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  1. #1
    Join Date
    Mar 2006
    Location
    nyc
    Posts
    13

    Default Figuring Out How To Serve A Lawsuit

    Hi,

    I think this is a pretty simple question and concern, and you may want to clarify as it may help others too (without giving me attitude):

    1- I need proof of service
    2- I understand that there are people like: a sheriff, etc to serve + alternate ways
    3- Please tell me:
    a) courts usually accept
    - certified mail receipts
    - or document(s) signed by a family relative, agent, etc.
    without probelms
    b) or no, they don't.

    You don't need to be a
    rocket scientist, or a lawyer, to tell me that. Well, may be a lawyer.

    Thanks.

    Anne Stevens

  2. #2
    Join Date
    Sep 2005
    Location
    Behind a Desk
    Posts
    71,832

    Default

    Courts often require that initial service be by somebody other than a party - check the court rules. Service by certified mail can be great if the intended recipient is actually willing to sign for the letter - they don't have to sign.

  3. #3
    Join Date
    Mar 2006
    Location
    nyc
    Posts
    13

    Default

    This seems simple, but covers the basics.
    as

    [quoted from a website]
    WHAT DOES IT MEAN TO "SERVE PAPERS"?
    Serving papers on another person is an official handing over of documents. Papers must be "served" on any other person who is involved in the law suit or who the law requires get the papers.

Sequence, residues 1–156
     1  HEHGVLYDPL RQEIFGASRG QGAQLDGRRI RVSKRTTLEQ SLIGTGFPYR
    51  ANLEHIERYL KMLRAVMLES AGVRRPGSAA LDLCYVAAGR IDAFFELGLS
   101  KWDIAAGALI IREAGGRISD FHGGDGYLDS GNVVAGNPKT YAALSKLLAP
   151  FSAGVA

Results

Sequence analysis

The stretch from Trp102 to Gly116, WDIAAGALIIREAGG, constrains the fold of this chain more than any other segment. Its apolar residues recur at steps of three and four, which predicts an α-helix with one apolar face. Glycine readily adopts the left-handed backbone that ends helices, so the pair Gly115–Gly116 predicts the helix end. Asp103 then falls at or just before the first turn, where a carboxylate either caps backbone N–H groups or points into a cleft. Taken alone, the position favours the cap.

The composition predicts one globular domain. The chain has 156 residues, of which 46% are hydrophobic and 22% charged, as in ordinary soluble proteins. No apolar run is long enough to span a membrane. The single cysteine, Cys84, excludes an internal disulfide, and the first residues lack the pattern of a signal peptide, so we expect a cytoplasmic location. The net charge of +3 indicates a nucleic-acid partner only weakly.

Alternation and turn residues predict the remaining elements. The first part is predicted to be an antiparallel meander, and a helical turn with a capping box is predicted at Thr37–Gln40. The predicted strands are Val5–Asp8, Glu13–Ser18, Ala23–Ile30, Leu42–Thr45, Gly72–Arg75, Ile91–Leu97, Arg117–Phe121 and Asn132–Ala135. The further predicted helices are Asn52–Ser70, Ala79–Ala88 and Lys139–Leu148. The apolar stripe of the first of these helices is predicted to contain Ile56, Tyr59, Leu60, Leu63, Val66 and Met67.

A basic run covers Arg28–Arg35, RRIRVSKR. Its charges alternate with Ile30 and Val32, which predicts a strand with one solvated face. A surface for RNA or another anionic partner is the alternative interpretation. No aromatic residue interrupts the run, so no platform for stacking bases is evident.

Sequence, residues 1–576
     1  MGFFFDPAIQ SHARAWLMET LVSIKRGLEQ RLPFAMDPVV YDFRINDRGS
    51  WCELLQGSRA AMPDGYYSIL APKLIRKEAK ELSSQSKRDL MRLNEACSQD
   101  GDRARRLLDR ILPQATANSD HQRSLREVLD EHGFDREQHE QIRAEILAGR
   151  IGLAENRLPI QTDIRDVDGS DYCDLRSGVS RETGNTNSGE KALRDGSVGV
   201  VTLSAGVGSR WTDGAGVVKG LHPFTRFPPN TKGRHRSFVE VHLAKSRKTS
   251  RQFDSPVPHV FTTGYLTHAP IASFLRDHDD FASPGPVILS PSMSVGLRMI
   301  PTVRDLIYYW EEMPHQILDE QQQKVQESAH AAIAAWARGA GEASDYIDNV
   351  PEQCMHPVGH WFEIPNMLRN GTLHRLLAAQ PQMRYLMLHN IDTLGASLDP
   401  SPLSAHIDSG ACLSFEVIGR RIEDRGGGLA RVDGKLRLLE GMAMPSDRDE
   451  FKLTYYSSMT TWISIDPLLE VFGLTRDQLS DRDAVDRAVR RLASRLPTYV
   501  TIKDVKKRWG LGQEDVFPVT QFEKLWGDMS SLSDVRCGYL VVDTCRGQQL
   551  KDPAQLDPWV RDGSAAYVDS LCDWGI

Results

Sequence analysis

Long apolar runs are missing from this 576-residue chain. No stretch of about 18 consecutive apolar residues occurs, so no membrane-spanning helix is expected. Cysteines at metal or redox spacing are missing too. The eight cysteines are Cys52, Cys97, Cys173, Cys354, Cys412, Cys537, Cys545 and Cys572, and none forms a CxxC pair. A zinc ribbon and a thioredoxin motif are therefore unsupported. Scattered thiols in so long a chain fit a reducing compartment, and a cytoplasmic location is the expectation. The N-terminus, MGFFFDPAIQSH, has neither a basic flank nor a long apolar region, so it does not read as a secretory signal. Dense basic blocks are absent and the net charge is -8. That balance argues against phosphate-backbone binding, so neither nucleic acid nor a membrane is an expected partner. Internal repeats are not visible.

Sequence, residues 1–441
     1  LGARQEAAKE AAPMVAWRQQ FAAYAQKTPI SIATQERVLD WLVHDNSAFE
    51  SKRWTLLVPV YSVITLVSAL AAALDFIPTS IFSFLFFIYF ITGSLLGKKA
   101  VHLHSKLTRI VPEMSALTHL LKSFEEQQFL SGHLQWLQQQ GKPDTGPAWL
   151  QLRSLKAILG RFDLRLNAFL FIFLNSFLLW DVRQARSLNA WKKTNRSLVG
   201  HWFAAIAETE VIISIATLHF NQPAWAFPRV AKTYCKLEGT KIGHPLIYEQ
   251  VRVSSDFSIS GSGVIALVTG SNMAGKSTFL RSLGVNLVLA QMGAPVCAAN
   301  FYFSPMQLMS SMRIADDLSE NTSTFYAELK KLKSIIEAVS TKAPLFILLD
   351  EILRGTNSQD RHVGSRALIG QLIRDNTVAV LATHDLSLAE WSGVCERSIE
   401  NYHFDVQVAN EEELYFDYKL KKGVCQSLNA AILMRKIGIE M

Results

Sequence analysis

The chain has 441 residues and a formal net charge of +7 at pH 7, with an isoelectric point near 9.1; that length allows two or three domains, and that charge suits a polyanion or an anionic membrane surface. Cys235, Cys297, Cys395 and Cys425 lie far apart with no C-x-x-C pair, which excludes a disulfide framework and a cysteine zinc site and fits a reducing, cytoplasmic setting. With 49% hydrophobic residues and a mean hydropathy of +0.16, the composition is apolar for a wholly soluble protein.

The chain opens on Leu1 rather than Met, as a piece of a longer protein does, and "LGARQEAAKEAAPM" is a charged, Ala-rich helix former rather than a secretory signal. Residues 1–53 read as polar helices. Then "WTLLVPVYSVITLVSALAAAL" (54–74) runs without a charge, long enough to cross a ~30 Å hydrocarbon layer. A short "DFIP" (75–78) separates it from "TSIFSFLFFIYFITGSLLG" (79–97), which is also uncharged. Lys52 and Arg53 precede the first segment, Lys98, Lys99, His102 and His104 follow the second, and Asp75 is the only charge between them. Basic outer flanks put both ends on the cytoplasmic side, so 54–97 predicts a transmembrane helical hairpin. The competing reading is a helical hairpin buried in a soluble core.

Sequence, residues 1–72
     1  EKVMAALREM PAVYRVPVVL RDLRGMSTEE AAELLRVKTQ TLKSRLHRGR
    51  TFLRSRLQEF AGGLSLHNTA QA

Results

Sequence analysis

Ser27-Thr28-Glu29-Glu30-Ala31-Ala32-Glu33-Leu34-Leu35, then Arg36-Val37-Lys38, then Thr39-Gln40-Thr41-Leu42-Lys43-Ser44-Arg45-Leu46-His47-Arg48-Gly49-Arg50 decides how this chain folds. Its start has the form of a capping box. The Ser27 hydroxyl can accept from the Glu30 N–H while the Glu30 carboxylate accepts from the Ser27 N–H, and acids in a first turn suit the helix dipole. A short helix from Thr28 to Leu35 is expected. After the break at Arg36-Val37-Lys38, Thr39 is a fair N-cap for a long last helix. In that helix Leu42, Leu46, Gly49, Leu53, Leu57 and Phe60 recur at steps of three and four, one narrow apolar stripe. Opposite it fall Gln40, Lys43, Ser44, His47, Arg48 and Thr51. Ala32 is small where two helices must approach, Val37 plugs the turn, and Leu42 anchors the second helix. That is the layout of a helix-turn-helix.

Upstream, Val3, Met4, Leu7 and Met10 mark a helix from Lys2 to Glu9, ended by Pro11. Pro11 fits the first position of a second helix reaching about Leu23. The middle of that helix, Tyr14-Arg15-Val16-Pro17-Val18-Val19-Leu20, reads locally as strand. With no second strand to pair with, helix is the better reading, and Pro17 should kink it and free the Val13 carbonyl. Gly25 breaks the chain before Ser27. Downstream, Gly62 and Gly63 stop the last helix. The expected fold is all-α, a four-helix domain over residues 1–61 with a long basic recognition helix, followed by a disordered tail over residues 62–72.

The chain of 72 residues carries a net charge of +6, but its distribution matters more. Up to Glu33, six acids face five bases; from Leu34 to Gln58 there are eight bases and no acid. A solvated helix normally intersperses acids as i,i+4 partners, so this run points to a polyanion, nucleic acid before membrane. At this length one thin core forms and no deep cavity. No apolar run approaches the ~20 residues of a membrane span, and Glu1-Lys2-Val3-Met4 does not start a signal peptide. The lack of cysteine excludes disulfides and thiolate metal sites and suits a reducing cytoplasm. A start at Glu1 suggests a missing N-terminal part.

This lets the person(s) in the case know what you are telling the court and what you are asking court to do.
    If the papers are not served in the correct way at the correct time, the court cannot go forward with the case.
    A person is served when they officially receive the papers.
    Papers which start an action (Summons, Pefition, Order to Show Cause, etc) must be filed first and then served on the other person(s).
    Even if the law does not require a particular paper to be served before filing, it is a good idea to file all papers first then have them served with the Court's file stamp on them.
    After the papers are served, a Proof of Service form must be filled out and signed by the person who served the papers. The Proof of Service form must be filed with the court

    Quote Quoting Mr. Knowitall
    Courts often require that initial service be by somebody other than a party - check the court rules. Service by certified mail can be great if the intended recipient is actually willing to sign for the letter - they don't have to sign.

  4. #4
    Join Date
    Mar 2006
    Location
    nyc
    Posts
    13

    Default return receipt

    I got the certified mail receipt, signed by the agent.
    I am going to file that.
    Should I add a statement to explain who signed what?
    or is it self-explanatory
    and should I wait for the court to ask for more details
    (or not)?

    as

    Quote Quoting Mr. Knowitall
    Courts often require that initial service be by somebody other than a party - check the court rules. Service by certified mail can be great if the intended recipient is actually willing to sign for the letter - they don't have to sign.

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